“I feel my calling here goes above basketball. I have a responsibility to lead, in more ways than one, and I take that very seriously. My presence can make a difference in Miami, but I think it can mean more where I’m from.”

Now “the hero comes back from this mysterious adventure with the power to bestow boons on his fellow man”.

http://www.si.com/nba/2014/07/11/lebron-james-cleveland-cavaliers

Patterns of Athletic Greatness

I spotted an interesting pattern with some of today’s most elite athletes:

Disappearing hyper athletic father, loving-sacrificing mother, surrogate father who recognizes their athletic talent and takes them in as their own.

Athletes who fit pattern off the top of my head: Lebron James, Kevin Durant, Ray Lewis, Jalen Rose, even Colin Kaepernick as a slight variant.

Possible mechanism: Great genes (where freakish athletic genes creates strong tendency for socially deviant behavior due to abundant testosterone if not in supportive social environment), strong and healthy maternal and paternal energy, incredible work ethic.

Sports as Transcendental Metaphor

There are few areas in the modern world as rich with metaphor and spiritual truth as the world of sports.

Very grateful for the years in my life when nothing was more important than sports.

The competitive fire that once burned on the field and court, now burns inside me while I run the Entrepreneurial Marathon, spar in the Philosophical Pantheon and tear it up on the Dancefloor.

It is all ONE energy transmuted into the MANY forms of our diverse, eclectic world.

Here is a gem from Kobe Bryant I just came across:

“The advice I get from Magic, Michael and those guys, that’s always sacred…that’s going to the mountain top and talking to Buddha, know what I mean? That’s privileged information.”

Byproducts: Learning from Failure and Virtues of Playing Sports

Two more examples of byproducts. Focusing on byproducts makes you less likely to achieve them. Instead focus on what the real end goal should be.

I recommend first reading the original post where I discussed byproducts: Why You Can’t Get More Happiness, Money and Love By Pursuing Them Directly

Learning from Failure

You’re first startup venture will probably fail and it will be a great learning experience that will increase your chances for being successful on your second venture. But you can’t go into that first venture with the expecation that will just be a great learning experience, because then it probably won’t even be a good learning experience, otherwise you’ll quit too early. Only if you have the unwavering irrational belief that this venture is destined to succeed will you push hard enough and long enough to learn some real lessons.

Competitive Spirit

Passion for athletics commanded the largest portion of my free time from the time I was 5 to the time I was 17. At some point around 13-14 I had some pretty tough injuries that were misdiagnosed with compounding lingering effects. (I’ve described that in some more depth in this post)

At some point around 17-18 I wound down my competitive athletics commitments so I could focus on my burgeoning entrepreneurial interests. Now that I have some distance from my athletic career I can see how much I’ve gained from sports.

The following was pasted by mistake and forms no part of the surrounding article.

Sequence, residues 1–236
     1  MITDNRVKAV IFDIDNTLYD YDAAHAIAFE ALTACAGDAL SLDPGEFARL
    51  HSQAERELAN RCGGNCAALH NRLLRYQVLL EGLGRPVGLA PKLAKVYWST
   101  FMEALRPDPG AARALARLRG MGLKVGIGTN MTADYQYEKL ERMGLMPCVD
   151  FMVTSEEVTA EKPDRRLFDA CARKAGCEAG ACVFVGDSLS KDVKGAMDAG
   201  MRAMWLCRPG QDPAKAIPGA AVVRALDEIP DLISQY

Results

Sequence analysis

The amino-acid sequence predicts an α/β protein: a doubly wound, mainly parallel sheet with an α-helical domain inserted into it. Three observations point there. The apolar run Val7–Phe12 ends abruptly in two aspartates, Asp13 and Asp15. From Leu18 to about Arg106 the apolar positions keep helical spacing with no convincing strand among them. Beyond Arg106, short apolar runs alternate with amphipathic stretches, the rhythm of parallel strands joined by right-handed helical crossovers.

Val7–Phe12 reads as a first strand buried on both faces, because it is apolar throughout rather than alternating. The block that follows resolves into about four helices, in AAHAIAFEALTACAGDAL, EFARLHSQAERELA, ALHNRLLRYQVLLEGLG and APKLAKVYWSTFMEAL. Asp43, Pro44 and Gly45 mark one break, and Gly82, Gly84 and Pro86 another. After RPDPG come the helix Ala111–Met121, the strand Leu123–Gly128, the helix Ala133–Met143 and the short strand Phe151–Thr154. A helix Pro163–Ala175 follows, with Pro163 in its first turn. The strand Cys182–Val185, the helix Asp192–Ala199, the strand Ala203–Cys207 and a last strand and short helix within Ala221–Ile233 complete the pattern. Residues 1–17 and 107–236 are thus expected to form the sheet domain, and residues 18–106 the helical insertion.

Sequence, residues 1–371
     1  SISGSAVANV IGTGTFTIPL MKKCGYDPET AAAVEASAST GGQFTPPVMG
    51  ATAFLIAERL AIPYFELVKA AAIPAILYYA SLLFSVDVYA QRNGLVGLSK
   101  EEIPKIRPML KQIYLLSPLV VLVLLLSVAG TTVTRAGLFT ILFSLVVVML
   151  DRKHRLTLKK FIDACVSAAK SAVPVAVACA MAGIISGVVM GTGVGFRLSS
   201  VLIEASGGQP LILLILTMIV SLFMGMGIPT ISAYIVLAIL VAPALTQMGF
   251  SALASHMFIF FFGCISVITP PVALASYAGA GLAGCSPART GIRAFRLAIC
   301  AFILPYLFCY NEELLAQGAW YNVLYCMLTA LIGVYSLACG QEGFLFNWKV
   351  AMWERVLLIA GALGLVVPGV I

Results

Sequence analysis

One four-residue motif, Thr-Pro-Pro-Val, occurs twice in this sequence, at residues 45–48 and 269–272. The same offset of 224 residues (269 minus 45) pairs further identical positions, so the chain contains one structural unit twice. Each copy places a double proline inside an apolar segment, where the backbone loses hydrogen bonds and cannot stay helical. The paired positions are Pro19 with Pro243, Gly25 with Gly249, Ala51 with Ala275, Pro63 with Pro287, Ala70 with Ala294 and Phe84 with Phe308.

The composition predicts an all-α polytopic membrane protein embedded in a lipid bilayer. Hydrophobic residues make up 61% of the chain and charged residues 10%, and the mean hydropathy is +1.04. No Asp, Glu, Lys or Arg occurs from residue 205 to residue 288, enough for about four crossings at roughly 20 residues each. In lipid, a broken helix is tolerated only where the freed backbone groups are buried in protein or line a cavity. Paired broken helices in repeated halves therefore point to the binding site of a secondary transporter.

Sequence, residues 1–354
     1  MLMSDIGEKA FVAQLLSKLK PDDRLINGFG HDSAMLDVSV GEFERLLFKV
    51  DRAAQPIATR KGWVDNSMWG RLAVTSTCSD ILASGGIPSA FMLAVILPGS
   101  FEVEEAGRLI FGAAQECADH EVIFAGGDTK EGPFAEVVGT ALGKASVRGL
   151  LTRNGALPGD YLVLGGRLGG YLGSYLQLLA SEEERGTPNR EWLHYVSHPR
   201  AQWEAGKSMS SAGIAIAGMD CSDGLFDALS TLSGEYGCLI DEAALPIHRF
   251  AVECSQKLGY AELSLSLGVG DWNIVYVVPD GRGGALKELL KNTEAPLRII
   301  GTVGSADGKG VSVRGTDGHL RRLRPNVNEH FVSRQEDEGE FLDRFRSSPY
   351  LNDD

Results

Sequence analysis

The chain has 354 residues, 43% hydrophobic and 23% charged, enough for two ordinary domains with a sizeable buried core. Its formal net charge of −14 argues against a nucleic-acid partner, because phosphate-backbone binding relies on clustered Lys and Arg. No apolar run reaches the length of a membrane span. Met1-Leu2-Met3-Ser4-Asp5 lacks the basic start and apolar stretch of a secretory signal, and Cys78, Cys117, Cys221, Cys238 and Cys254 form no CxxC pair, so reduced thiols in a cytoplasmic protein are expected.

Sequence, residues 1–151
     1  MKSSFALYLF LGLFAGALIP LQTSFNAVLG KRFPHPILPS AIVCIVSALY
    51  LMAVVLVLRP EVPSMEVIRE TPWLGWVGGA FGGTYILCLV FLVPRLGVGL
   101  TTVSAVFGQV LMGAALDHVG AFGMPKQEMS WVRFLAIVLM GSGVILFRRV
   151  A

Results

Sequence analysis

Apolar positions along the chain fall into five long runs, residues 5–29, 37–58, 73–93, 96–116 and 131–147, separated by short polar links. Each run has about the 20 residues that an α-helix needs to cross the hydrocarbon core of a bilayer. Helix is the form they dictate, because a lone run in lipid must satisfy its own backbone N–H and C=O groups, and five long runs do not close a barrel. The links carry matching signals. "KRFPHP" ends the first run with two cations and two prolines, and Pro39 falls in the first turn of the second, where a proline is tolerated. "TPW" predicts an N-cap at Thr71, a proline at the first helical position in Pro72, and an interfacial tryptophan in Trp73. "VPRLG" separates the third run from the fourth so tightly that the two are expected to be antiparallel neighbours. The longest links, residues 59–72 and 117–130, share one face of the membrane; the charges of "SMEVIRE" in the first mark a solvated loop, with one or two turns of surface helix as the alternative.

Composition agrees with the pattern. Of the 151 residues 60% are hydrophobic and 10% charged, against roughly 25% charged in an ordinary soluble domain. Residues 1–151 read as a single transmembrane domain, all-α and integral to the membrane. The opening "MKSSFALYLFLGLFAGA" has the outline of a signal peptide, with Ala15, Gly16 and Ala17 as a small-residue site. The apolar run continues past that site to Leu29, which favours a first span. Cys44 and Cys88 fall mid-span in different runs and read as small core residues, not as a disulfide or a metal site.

The other day I was watching a Giants game and they were doing a brief promotional segment on a Giant’s sponsored program for getting more young girls involved in sports. They started listing all the virtues of playing sports, “competitive spirit, toughness, teamwork, ambition…” but hearing those traits rattled off made me want to snicker. In my experience, the only players who touted those virtues as reasons for playing weren’t very good. And the coaches who talked about those virtues to their players usually had bad teams. The good coaches and athletes focused on what they needed to do to get better, what they needed to do to win games and more importantly win championships.

I wasn’t driven by developing toughness, or being a team player. I wanted to win, and I wanted to realize my dreams of playing professionally. But I knew winning required mental toughness and involving my teammates. And along the same lines, you don’t pitch teamwork for teamwork’s sake, you pitch teamwork because it’s required to win.

You don’t chastise cheating, because it’s morally wrong, you don’t do it because it can hurt you chances of winning. Minor discrepenciases of what’s allowed by the rules are fine, and you have to weigh the risk/reward consequences of doing something unallowed.

But after my urge to mock the girls baseball promotional subsided, I realized I have all those traits, and they’ve carried over to other areas of my life even though I’ve stopped playing sports 6 times a week. And while instincts and genetics deserve credit for the existence of these traits, my engagement in sports nurtured and developed these traits.

But the reason I had such a negative visceral reaction to listing the virutes, comes down to byproducts and end goals. Teamwork, toughness, and ambition are all byproducts and by even considering them or any other byproduct as a valid end goal you make them less likely to occur.